This is arguably the oldest and most original form of coffee processing and was traditionally used to process cherries on a commercial scale (i.e in Brazil) or in areas with limited access to water resources (I.e Ethiopia). It can often be the case that natural processed coffee will throw up more defects in the cup and can sometimes have an intense earthy flavour due to the way it has been dried, which is why it has traditionally been washed coffees which attract higher prices for their clarity and complexity. Nowadays, natural processed coffees are highly sought after for their funky fruit flavour and many coffee producing origins are adopting this method to introduce new and different flavour profiles to the speciality industry.
In this process, coffee cherries are picked when ripe and are taken straight to patios or raised African beds to dry for a period of 8-20 days dependent on origin and temperature. The cherry is dried with all of the layers intact which means there is a certain amount of natural fermentation occurring within the bean in its own environment – many enzymatic bi-products are absorbed from the mucilage into the heart of the coffee bean which results in an incredibly distinct flavour profile. Once dry, the cherries will resemble raisins and when they have reached this state, the beans are left to rest inside the cherry pods before being milled to remove the outer layers and are then sorted for shipment.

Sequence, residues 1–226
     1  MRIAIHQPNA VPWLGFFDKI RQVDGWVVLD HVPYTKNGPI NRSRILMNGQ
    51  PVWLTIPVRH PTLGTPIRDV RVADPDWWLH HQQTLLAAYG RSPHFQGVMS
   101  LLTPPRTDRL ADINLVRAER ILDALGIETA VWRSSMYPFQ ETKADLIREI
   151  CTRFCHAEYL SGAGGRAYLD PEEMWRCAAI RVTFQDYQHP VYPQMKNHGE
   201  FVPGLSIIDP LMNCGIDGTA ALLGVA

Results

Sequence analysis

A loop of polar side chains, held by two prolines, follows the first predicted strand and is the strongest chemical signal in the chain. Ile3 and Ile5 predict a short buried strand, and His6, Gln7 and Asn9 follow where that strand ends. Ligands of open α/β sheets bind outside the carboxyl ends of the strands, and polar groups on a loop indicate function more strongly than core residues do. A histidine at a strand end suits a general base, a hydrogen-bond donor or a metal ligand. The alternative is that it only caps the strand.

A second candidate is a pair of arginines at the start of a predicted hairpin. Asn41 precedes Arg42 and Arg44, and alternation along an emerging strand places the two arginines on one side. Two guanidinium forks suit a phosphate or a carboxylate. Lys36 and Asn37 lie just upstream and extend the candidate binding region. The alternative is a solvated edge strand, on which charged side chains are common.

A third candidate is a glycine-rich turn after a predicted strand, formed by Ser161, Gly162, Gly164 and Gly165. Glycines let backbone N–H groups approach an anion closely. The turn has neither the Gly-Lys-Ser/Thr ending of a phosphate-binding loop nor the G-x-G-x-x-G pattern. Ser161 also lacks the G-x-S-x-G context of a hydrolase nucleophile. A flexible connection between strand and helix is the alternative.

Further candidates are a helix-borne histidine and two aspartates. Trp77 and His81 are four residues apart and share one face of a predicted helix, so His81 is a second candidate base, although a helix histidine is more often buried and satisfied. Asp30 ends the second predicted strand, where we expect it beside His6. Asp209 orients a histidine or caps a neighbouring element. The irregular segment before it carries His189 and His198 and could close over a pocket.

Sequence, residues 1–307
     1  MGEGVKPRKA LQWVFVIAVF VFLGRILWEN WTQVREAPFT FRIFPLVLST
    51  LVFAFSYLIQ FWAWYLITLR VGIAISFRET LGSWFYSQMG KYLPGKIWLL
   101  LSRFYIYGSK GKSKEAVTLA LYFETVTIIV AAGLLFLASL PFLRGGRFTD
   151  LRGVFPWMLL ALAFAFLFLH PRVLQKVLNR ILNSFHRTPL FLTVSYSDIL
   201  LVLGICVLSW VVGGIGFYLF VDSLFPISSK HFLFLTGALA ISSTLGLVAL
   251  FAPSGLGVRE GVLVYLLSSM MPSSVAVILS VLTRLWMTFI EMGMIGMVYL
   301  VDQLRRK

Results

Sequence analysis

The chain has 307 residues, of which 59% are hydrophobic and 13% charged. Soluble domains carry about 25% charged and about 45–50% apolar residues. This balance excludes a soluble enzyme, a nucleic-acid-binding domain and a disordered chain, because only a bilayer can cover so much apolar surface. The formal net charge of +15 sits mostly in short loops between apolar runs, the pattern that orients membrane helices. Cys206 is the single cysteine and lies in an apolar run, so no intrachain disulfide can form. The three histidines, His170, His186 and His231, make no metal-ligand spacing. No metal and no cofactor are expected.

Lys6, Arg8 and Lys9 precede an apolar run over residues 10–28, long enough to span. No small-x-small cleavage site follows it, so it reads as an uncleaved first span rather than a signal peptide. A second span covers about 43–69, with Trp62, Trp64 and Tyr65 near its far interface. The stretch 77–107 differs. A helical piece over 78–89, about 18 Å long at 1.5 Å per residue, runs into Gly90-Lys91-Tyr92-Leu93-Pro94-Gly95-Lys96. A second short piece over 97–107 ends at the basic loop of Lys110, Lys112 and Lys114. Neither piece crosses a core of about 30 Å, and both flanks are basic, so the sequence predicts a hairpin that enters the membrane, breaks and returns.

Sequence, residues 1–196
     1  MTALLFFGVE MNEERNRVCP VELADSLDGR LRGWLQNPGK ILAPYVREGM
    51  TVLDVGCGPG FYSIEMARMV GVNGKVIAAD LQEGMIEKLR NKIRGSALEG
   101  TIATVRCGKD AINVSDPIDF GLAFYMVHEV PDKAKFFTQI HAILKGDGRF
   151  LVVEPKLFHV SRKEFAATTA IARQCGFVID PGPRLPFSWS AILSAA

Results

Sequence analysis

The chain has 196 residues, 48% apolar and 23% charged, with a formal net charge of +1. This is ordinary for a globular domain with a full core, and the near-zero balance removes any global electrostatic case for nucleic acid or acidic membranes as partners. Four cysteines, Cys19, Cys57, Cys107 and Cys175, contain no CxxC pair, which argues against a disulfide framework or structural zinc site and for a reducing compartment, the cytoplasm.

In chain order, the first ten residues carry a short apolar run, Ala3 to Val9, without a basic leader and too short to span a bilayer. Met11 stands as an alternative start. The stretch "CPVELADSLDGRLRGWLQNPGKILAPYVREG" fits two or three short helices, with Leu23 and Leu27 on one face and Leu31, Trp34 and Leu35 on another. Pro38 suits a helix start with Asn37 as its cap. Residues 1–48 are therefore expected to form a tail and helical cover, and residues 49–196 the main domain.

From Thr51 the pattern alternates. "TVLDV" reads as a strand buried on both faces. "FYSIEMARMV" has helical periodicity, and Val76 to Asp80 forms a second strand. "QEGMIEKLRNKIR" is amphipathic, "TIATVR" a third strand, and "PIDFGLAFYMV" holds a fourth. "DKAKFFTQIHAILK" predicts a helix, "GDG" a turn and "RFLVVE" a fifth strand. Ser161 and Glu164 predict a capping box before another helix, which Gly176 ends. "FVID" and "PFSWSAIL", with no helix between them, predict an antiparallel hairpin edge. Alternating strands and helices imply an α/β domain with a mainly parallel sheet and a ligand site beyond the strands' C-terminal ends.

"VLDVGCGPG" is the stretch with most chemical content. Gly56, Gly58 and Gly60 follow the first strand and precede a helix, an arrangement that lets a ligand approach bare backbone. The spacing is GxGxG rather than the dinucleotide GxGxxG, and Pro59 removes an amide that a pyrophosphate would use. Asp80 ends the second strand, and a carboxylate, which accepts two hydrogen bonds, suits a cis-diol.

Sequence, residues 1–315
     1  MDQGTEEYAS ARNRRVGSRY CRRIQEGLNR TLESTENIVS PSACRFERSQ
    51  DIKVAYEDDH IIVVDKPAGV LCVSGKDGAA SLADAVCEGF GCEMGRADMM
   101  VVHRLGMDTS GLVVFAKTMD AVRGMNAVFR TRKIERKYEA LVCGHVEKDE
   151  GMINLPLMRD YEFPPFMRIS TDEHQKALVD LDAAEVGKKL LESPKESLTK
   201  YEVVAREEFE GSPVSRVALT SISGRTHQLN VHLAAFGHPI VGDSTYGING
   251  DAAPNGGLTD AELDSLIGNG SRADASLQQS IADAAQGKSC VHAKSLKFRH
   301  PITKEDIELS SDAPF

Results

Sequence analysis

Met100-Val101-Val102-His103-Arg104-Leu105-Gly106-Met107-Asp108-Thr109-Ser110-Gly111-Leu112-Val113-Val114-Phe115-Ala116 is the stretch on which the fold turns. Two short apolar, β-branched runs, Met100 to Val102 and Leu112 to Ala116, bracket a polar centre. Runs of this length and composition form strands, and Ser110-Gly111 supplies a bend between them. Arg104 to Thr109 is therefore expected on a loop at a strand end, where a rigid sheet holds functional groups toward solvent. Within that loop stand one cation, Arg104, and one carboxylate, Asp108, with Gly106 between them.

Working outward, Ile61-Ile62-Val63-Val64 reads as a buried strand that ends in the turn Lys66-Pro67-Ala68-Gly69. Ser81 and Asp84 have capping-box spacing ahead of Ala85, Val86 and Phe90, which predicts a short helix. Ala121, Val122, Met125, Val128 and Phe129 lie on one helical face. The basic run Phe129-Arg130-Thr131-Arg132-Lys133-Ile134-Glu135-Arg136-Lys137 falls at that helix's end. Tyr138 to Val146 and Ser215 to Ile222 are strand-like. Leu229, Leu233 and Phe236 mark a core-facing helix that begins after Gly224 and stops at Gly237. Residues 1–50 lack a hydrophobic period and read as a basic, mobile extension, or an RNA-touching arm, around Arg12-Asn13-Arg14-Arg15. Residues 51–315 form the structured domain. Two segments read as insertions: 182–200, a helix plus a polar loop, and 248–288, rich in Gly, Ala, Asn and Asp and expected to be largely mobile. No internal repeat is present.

When purchasing natural processed coffees, we look first for consistency and a clean cup followed by boozy rum and raisin flavours and hints of tropical fruits and strawberry. At their best, natural processed coffees can bring incredible sweetness to espresso and should also work well filtered giving a sweet and syrupy mouthfeel. They are often much fuller bodied than washed coffees with exaggerated sweetness and lower acidity.